| Project Specification

InMoov 3D Printed Hand and Forarm

An open-source 3D printed hand and forearm design for robotics enthusiasts.


OperationSensor-based Feedback Control
MicrocontrollerArduino Uno/Nano


Innovative and Sophisticated Design for Robot Lovers

Thanks to an open-source design, the robot can be assembled by anyone with the prerequisite knowledge of Arduino programming and hands-on practice with electronic components. 

The robotic hand uses an array of touch sensors installed at the fingertips. The sensor feedback is received by an Arduino microcontroller that controls the movements and hand gestures. The 3D-printed design is meant for an Arduino Uno microcontroller. However, based on the required functionality, it can also work with an Arduino Nano.

Moreover, the array of servo motors includes five servo motors with a 90-degree rotational limit. These servos control finger movement. Also, an additional servo motor for wrist movement can rotate up to 180 degrees. 

3D- Printing Guide for Robotic Parts

Each 3D-printed part has a unique design and features varying thicknesses. Therefore, the following design guide is critical to follow:

  • All parts must be printed with a 30% infill

  • The parts for the wrist, thumb, and forearm must have a 2mm printing thickness

  • The fingers must be printed with a 1.5mm thickness.

  • All parts can be combined with Acetone, Epoxy, or ABS. 

  • It’s best to use a knife to trim off the edges to give a smooth finish

  • Avoid using glue on the outside. Otherwise, the robotic arm won’t look clean

  • Ensure the parts are well aligned and don’t need to be dismantled and glued again.

Easy to Build Robotic Platform with a Comprehensive Guide

The stand-out feature of this robotic hand and forearm is the availability of all the content that goes into making this robot. So, a user needs a 3D printer and a collection of electronics to assemble and test the design. 

For further simplicity, the functionality and design of both hands are entirely similar while keeping in mind the mirroring effect. So, the user can follow the same procedure to assemble the left hand as the one used for the right arm.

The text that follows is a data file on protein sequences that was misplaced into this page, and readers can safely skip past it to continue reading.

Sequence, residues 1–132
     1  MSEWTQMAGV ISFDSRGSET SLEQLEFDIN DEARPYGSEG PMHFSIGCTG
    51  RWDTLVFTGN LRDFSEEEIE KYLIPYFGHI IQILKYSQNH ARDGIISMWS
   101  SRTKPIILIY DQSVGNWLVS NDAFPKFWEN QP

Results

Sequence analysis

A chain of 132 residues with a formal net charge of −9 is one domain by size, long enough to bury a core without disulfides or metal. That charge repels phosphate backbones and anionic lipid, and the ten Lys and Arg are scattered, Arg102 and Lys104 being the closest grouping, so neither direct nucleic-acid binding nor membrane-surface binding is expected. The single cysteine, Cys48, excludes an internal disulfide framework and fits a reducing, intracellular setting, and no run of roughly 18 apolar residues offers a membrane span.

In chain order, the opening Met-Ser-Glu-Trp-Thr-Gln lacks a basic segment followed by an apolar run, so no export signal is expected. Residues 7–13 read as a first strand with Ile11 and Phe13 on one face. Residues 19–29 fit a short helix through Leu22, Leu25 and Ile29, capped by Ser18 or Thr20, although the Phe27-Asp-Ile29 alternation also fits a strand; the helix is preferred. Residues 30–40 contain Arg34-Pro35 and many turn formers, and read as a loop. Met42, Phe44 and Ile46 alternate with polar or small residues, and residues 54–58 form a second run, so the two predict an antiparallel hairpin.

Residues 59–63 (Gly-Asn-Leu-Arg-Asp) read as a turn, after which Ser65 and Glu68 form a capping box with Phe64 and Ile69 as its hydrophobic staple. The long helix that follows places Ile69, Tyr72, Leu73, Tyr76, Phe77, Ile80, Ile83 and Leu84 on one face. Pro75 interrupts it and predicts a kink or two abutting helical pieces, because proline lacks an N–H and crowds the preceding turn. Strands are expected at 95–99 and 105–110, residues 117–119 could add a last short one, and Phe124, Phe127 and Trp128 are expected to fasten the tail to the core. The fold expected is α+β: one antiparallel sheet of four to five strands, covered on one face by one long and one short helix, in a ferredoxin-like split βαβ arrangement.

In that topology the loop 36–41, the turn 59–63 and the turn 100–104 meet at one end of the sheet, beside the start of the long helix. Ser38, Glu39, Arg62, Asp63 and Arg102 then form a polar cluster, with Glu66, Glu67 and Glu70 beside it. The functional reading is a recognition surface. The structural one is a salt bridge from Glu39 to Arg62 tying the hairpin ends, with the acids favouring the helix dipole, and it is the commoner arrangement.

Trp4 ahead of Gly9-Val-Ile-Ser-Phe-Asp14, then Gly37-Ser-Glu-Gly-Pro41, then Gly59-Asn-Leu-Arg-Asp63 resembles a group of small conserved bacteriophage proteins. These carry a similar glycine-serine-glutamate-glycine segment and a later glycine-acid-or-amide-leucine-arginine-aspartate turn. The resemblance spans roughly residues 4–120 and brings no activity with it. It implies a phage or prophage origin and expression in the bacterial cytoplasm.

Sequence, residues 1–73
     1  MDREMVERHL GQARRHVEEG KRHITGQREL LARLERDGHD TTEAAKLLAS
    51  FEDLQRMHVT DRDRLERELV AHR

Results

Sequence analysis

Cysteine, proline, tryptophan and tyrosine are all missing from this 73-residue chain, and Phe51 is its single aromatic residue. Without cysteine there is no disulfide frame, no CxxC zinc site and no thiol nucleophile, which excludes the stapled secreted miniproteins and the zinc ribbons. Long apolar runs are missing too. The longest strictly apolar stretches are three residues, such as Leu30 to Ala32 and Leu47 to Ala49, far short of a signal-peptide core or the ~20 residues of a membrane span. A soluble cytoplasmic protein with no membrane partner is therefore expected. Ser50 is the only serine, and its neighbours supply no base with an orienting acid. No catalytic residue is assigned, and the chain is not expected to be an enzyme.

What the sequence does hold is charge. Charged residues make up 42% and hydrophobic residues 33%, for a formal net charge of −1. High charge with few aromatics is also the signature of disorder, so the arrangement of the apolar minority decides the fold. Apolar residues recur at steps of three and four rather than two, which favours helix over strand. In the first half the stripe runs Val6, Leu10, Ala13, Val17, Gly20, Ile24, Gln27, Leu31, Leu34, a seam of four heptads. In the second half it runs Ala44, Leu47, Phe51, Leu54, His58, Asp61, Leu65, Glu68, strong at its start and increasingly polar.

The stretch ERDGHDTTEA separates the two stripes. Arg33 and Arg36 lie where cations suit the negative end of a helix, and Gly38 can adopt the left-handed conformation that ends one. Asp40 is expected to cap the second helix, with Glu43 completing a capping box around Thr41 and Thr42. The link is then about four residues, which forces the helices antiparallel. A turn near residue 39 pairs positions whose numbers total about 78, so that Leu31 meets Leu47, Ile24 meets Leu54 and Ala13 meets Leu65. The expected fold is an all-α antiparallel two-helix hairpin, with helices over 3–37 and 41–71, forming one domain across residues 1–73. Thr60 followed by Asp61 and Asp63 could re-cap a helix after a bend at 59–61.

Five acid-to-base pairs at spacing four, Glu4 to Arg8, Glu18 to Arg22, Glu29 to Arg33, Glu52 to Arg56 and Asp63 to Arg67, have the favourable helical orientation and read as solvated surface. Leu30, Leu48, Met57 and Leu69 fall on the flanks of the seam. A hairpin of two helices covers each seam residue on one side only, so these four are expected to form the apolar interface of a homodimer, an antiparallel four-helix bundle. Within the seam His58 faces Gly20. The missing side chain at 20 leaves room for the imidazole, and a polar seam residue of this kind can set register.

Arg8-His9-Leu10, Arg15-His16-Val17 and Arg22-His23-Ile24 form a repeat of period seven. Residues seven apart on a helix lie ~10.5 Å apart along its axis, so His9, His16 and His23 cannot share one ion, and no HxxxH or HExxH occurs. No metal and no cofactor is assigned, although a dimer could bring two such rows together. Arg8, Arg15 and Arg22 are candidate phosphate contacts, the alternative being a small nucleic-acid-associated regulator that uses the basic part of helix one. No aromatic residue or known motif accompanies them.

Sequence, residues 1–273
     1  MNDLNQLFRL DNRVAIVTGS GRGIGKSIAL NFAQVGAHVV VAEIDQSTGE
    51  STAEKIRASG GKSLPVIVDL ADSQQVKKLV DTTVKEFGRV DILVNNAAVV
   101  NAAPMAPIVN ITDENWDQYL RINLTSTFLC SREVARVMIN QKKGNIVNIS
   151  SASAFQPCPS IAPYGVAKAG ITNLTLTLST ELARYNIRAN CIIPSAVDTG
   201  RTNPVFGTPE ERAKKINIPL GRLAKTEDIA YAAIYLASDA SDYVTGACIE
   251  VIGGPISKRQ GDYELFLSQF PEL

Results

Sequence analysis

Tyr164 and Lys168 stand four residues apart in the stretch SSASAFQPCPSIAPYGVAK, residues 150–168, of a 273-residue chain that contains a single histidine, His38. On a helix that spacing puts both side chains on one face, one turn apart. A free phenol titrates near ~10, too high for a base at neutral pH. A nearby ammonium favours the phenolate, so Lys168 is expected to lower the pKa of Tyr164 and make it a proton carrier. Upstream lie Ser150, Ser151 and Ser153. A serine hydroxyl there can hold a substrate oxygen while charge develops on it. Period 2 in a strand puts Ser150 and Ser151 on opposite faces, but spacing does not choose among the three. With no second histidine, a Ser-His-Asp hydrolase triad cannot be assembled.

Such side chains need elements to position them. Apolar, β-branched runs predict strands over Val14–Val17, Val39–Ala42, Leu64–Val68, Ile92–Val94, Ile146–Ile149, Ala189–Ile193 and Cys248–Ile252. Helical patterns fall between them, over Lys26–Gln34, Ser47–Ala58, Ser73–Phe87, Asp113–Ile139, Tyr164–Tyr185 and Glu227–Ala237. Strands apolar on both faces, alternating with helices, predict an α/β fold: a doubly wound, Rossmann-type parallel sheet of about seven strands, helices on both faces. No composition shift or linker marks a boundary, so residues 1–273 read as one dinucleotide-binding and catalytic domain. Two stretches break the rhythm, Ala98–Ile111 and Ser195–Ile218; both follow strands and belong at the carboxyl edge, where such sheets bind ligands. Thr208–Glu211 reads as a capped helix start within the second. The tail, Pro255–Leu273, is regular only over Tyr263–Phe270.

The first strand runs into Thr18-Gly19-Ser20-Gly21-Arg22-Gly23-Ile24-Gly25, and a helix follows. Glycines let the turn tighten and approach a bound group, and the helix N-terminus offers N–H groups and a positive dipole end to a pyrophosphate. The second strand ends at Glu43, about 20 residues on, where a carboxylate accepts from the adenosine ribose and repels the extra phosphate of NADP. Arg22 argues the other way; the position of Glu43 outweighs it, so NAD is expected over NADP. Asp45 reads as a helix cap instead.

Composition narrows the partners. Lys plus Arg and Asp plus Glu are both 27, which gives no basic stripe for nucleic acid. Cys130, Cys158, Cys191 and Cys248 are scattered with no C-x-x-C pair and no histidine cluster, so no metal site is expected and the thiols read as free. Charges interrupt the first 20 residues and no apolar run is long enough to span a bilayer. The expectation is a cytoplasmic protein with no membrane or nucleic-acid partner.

Hence, once the user has 3D-printed all the required parts, they can follow the following guidelines to complete the robotic hand and forearm.

Hand Assembly

The hand assembly is a critical part of the robot as it features an array of moveable joints and rotary parts. To complete the hand assembly, the user would require 3D-printed parts for each finger and an optional Elbow bicep. Depending on whether the user wants to include elbow functionality, the elbow joint must also be printed for that purpose. 

In the first phase, the hand is assembled. It features forearm assembly and installing a servo bed and five servo motors, where each servo controls a finger independently. The servo motors are connected to the finger through a braided fishing line that has a breaking strength of 200 lbs. The fishing lines pass through transparent tubes clamped to the servo bed with a spring. The springs provide the required tension in the tendons for a realistic effect. 

Wrist Assembly

The wrist assembly phase consists of installing a servo motor that controls the rotary action in the wrist. The wrist requires the MG996 servo motor, capable of 180-degree rotation. The other servo motors can rotate up to 90 degrees only. The servo assembly goes inside the wrist assembly and is further connected to a geared mechanism to connect to the palm. 

Since the wrist servo action needs to be smooth, it’s recommended to use white silicone grease to add more damping and smoothness to the motion. Moreover, the silicone grease also prevents the white parts from getting yellowish after some time. 

Finger Tip Assembly 

The fingertip assembly is the most detail-oriented step; the user must work with small parts. So, it requires a lightweight and small drill (preferably 3.2 or 3.5 mm). In this step, the user would work with several hinged joints drilling for the fishing wires to pass through to the tip of the fingers. Moreover, each finger contains electrical wires and connectors at the tip. These connectors will be later used to receive input from the fingertip sensors. 

Once the fingers and palm are assembled and the braided fishing line is connected, this part can be mounted to the wrist assembly.

Fingertip Sensor Assembly

After the fingers have been assembled, the final step is to install the fingertip sensor to the tip. In this step, the sensor must be glued to the fingertip to receive tactile feedback allowing the robotic hand to take necessary action. As mentioned in the source files, the user can verify the sensor operation and code performance by connecting the signal-carrying wires to the Arduino board.

Once each finger is tested, the robotic hand can be given a makeover. Adding a sponge to the fingers and palm gives it a different look and protection from shocks. At this stage, the InMoov 3D-printed robotic hand and forearm are ready for operation.


InMoov [Internet]

InMoov [Internet]

InMoov [Internet]


3D Printingrobotic armsrobotics

Continue Reading

Whether free and flexible movements or defined sequences, the modular pneumatic lightweight robot can be used for a wide variety of applications in the context of human–robot collaboration depending on the composition and mounted gripper.

Festo BionicSoftArm

In a recent project, Professor Edward Adelson and Sandra Liu — a mechanical engineering PhD student at CSAIL — have developed a robotic gripper using novel “GelSight Fin Ray” fingers that, like the human hand, is supple enough to manipulate objects.

A flexible way to grab items with feeling